“The film is ready and we hope to have an online event later this month. Physical screenings seem unlikely in the immediate future but I really hope this will change soon,” says the filmmaker who has made films including ‘The Teacher and The World’ (2016), ‘Jagriti Yatra’ (2013), ‘Two Lives’ (2007), ‘The House on Gulmohar Avenue’ (2005) and ‘Stories of Girlhood’ (2001).

Talk to her about her active social media handles during the CAA-NRC protests in Delhi and she says though an erratic social media user, she does post a lot when in the midst of something. “It’s part of that idea of creative practice as a sharing of the experience of time and place. The anti-CAA protests began in my immediate neighbourhood, so they found their way into my social media. And yes, because I was surrounded by so many who couldn’t see the harm that the CAA-NRC would do to our lives � and I mean all lives, not just those who tit would target � my posts became a way of talking about that harm and how the coming together of people across class, caste, religion, gender was such an empowering and hopeful feeling.”

Feeling that media � mainstream or social � must create space for diverse voices and varied experiences, she adds, “So, dissent is or should be embedded in that. But it (dissent) can be expressed in diverse ways too. One way is to speak directly � and often that is what is targeted by censorship. But there can be other ways that communicate dissent by focussing on the form of what is shared and not just the content. I think social media often provides room for multiple forms when mainstream media does not. I think it is easier to control mainstream media. Social media is more unruly, less controllable � which is not to say that there are no issues of control and power dynamics with social media, just that they operate differently.”

Pleased that the children’s literature space in India is much more bigger and varied now, she feels there’s still a long way to go and we have to see how the pandemic impacts the sustained creation of new work. “However, in terms of the kinds of stories being published, the quality of artwork and production, we have come far ahead of what it was like when I published my first children’s book in 2000. However, there is little room in the media for disseminating that � for example, most children’s books are reviewed online by a growing community of kidlit lovers but in the mainstream spaces, children’s literature is still seen as something lesser-than ‘real’ literature.”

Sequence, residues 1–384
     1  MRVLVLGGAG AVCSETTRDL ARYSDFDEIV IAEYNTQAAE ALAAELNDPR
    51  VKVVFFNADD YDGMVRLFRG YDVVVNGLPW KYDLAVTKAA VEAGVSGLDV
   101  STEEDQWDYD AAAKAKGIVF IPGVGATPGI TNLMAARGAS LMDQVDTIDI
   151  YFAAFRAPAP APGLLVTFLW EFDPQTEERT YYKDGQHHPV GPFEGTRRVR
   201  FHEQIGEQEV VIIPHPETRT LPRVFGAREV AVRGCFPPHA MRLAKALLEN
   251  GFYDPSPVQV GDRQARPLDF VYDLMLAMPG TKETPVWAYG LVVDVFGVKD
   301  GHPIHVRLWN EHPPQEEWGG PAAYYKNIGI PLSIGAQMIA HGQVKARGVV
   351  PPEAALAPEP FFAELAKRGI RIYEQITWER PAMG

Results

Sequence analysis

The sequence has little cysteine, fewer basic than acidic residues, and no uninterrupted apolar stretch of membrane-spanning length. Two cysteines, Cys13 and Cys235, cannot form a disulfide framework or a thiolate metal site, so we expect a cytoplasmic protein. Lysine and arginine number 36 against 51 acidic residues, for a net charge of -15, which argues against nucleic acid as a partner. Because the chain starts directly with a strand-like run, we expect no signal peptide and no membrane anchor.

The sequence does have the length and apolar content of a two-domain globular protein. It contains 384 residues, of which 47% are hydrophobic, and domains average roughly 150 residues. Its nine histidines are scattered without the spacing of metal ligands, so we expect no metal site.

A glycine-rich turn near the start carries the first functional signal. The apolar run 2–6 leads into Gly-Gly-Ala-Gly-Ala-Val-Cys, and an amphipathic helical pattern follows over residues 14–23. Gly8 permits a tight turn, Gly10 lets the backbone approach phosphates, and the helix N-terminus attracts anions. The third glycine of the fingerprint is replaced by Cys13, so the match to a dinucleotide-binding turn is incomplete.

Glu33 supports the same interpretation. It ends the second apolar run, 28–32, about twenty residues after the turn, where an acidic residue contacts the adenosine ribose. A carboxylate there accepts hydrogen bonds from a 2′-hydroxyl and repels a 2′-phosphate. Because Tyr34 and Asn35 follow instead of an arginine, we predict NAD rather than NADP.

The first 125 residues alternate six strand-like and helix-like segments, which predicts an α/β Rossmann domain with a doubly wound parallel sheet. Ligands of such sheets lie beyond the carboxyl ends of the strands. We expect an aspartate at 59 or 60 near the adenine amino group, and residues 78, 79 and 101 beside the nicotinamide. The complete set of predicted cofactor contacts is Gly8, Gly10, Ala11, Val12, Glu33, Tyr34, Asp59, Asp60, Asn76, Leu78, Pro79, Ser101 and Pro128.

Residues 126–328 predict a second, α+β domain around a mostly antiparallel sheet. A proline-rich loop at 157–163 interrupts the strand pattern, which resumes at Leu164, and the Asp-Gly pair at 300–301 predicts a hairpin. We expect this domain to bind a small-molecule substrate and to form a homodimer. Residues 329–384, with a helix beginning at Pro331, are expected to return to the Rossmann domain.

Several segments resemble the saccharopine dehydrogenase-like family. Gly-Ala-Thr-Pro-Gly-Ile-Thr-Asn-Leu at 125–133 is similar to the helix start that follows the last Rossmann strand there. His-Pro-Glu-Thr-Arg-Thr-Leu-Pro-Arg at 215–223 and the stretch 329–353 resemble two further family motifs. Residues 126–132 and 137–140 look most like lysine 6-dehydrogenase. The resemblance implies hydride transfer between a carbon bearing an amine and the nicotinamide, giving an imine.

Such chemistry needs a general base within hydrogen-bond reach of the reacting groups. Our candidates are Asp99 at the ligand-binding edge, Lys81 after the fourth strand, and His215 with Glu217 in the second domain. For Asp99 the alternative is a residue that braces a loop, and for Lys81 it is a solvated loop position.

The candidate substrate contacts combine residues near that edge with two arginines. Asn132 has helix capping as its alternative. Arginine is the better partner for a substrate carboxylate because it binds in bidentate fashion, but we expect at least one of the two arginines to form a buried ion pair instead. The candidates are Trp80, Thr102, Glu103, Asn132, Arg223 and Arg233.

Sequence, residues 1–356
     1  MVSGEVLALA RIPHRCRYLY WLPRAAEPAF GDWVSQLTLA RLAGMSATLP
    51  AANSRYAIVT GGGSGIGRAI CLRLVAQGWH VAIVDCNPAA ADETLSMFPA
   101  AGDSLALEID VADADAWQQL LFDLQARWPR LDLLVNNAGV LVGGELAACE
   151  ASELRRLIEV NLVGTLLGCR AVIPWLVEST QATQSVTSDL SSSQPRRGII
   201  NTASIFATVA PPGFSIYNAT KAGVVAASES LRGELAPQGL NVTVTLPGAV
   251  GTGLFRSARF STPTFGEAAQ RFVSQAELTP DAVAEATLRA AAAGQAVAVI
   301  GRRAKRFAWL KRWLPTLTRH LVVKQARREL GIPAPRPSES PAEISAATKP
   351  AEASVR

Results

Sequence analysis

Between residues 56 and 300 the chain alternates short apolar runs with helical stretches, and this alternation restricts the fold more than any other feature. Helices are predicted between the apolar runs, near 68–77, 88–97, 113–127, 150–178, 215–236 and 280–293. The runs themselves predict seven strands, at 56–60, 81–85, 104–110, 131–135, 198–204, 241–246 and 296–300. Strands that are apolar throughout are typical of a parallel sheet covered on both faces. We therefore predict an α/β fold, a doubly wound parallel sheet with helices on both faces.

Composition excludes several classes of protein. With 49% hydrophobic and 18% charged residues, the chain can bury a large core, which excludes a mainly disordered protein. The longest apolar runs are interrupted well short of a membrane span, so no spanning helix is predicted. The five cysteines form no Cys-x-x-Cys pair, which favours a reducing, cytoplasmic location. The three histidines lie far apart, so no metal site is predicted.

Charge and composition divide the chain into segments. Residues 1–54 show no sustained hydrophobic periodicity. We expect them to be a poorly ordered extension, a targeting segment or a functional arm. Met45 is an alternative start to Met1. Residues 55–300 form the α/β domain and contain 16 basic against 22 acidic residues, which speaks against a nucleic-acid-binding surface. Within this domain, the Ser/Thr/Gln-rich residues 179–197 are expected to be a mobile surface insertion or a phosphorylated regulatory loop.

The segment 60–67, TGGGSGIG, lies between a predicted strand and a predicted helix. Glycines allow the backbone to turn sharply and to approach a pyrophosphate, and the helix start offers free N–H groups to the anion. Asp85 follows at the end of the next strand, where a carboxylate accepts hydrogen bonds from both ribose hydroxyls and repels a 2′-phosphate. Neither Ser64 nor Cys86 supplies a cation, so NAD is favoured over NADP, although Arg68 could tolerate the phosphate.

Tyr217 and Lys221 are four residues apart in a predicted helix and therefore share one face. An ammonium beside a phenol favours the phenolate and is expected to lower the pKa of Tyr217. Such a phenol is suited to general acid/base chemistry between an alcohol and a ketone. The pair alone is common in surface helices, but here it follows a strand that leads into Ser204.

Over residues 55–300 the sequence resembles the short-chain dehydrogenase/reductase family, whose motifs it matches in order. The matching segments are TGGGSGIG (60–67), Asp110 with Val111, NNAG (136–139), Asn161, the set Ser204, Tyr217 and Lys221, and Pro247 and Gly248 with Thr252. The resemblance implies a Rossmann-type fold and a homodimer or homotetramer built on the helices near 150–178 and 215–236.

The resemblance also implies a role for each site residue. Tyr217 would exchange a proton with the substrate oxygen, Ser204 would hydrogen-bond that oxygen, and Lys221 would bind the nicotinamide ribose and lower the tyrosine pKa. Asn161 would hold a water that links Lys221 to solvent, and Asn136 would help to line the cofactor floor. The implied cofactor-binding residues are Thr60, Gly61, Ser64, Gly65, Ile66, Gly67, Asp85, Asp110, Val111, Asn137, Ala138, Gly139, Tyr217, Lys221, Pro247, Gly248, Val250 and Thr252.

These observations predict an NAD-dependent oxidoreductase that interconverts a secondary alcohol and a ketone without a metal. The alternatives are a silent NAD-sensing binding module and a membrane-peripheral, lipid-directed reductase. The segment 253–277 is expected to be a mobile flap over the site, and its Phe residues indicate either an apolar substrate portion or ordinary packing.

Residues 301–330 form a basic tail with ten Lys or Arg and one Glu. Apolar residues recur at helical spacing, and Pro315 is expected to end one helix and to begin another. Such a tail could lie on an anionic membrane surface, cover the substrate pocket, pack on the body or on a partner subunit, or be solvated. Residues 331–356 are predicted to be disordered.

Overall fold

For someone who has done extensive work with Muslim children in Okhla’s slums, she feels there is a need for more project after the recent Delhi riots and CAA agitations.

“Okhla is a diverse space and I have mostly worked with middle-class kids. My book, ‘My Sweet Home’, came out of a workshop I did with children in the Jamia school � these are not kids from working class families living in slums, although many neighbourhoods in Okhla that they lived in are riddled with infrastructural issues similar to slums. Some of those children from that workshop are now studying in Jamia, some of them have created artwork during the anti-CAA protests. There is always a need for doing projects with children that involve art because art opens up ways of self-expression, of looking at the world in ways that can create dialogue � when do we not need that!”

Talking about her forthcoming ‘Nida Finds a Way’, a chapter book for young readers, part of Duckbill’s Hole series, she recalls that it began with a conversation with Sayoni Basu about the lack of representation of Muslim children in Indian children’s literature. “This is changing thankfully but we can still do with more diverse stories. I think we need stories where there are Muslim characters but it’s not that which is necessarily the focus of the story. So I started writing about Nida who is growing up in Okhla – just a curious, adventurous 7-year old with an overprotective father who she loves a lot but has to find a way of getting around to do what she wants. The story is about how she does that in her everyday, and also how she does that when her everyday begins to include the Shaheen Bagh protest.”